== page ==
Early in the pandemic, I thought about using my personal laptop area for work and moving (a lot) of things every day. I’m glad I decided against it. As bad as it associating a spot in my apartment with work, having that be the spot I relax on my computer would be even worse.

Working form home has tradeoffs. For some people (especially those with more space), it is worth giving up space (or even a room) to avoid a commute. By contrast, taking the subway and reading gave me time to focus on reading and separate things.

Fun fact: Scott and I did a brief video chat in the middle of the day once to test something and he said “I think work Jeanne is coming over to tap you on the shoulder.” I’m really good about separating my focus and I miss that.

Reactions can be like earthquakes

When something bad/stressful happens, a good technique is to take a breath or pause or something to not react immediately. There were a lot of times at home that I was so frustrated and stressed that I couldn’t do it and my emotions reacted before my brain could. When this happened, it was like an earthquake. I had a strong initial reaction. But then that or other things would set me off periodically thoughout the day. It was like my mind was broken and unstable.

Open ended’ness is hard

A lot of the problems I had were not knowing when things would get better. So i kept pre-worrying. Shortly before I got accepted for the summer pilot, we started reading about the Delta variant and I started freaking about having to WFH full time for *another* winter.

Compensating only helps so much

There are certain type of work that I minimized of actively avoided. (My teammates knew). I just couldn’t get myself to do it from home. And I felt about about that which created a negative feedback loop. And even with that, I till had problems.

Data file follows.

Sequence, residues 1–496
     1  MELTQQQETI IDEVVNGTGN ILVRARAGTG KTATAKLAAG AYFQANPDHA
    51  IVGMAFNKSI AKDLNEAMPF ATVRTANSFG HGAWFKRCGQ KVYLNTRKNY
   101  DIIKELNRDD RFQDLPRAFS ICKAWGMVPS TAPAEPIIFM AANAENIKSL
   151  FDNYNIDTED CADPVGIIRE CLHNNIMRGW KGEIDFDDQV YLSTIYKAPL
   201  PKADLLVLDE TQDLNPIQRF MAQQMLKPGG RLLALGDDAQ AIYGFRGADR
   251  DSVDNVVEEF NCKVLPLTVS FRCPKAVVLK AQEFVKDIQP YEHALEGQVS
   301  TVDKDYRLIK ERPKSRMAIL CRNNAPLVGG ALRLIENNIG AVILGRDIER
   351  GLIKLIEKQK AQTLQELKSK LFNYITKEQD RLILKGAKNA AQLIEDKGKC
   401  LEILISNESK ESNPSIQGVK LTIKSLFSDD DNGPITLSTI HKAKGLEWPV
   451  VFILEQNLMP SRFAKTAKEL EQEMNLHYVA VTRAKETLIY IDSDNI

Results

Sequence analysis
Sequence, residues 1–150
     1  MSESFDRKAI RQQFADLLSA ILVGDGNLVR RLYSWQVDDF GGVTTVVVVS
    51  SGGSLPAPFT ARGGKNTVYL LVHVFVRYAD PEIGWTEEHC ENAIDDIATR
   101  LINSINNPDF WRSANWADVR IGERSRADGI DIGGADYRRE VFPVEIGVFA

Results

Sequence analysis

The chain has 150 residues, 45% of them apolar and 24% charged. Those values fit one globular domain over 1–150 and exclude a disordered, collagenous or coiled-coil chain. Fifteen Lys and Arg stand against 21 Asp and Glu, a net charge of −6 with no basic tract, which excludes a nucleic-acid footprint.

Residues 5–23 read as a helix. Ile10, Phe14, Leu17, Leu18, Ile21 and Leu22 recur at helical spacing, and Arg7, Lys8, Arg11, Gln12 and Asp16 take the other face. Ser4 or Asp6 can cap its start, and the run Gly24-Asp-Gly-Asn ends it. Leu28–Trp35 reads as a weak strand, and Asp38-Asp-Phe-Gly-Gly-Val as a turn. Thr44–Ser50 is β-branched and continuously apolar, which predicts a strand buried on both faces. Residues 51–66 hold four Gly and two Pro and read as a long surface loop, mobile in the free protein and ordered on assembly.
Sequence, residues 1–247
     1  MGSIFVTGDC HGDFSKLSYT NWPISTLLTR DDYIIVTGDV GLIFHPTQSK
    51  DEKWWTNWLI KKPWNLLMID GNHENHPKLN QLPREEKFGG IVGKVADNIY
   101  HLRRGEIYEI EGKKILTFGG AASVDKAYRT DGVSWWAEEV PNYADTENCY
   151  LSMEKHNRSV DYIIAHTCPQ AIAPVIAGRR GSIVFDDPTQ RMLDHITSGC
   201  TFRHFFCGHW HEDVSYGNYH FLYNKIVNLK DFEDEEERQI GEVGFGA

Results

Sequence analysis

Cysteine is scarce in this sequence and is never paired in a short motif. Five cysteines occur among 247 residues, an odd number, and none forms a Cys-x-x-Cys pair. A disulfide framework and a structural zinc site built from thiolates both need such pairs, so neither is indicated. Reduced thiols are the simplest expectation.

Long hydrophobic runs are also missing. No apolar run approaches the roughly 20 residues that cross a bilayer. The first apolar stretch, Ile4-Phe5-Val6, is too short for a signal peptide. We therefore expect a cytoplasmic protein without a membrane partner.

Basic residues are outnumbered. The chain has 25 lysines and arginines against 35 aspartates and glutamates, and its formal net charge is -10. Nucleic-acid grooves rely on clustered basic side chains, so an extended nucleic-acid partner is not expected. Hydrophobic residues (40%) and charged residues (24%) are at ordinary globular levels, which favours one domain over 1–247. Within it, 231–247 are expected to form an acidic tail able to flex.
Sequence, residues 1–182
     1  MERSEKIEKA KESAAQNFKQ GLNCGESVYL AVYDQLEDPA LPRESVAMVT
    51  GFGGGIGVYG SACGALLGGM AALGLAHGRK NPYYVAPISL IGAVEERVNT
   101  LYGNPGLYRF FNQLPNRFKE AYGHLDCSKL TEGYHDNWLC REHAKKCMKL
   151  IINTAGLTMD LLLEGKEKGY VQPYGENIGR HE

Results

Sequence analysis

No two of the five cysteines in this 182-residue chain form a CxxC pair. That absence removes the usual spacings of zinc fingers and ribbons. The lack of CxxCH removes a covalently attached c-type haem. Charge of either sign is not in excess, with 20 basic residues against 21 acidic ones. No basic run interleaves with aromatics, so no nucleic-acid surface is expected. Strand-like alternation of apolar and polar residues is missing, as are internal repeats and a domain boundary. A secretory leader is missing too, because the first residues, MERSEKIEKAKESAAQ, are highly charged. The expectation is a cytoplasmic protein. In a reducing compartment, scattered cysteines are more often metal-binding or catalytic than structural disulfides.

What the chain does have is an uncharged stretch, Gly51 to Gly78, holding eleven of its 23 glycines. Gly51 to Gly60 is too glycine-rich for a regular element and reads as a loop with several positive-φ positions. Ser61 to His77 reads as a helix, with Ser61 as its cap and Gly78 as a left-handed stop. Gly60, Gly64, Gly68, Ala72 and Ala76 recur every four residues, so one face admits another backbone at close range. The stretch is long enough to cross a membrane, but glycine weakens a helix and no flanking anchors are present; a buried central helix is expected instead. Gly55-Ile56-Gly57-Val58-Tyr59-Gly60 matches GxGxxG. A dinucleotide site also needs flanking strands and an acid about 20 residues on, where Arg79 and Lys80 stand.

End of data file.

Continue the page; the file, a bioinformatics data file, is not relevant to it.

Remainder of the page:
Why I did three months of book errata checking on CodeRanch in one weekend

About three months ago, my team got a high visibility and time critical project. Since it needed to be done quickly and I’m a fast programmer, I’m one of the (4 or so) people who focused on it. I worked 9 hours days during much of that project. [Normally I work closer to 8. I did work 9 for years when I got every other Friday off in exchange for doing so.] In hindsight, this was a poor choice because I didn’t have enough energy/focus for 8 hours WFH.

While I managed to find the energy to check in periodically on CodeRanch, that fell to zero during that period. After that I went on vacation and caught up on life from being on vacation. But I still didn’t go back to checking in on the errata. It was too overwhelming from having two months of data there.

This weekend I was able to do it because it is a three day weekend. I know I have tomorrow to recover energy/focus. And I know I only have to work four more days at home before I go back to the office. That’s a short enough time that I can “defer” some of the harder things til then.

So why did I share this?

As more companys are thinking about plans for “returning to the office”, there is a lot on line about how people are happy at home, want to continue to work from home, will quit if they can’t work from home, etc.

And again, I’m not suggesting those people go into the office. (See my blog post about the location of teams). However, it is just as important to recognize that some people want to go into the office. It doesn’t mean those people are broken. It doesn’t mean there is something wrong with them (and yes, I’ve been told to my face that I’m crazy for not wanting to work from home). It means that people have different needs and preferences. We should be respectful of both points of view along with the ones in between.

Leave a Reply

Your email address will not be published. Required fields are marked *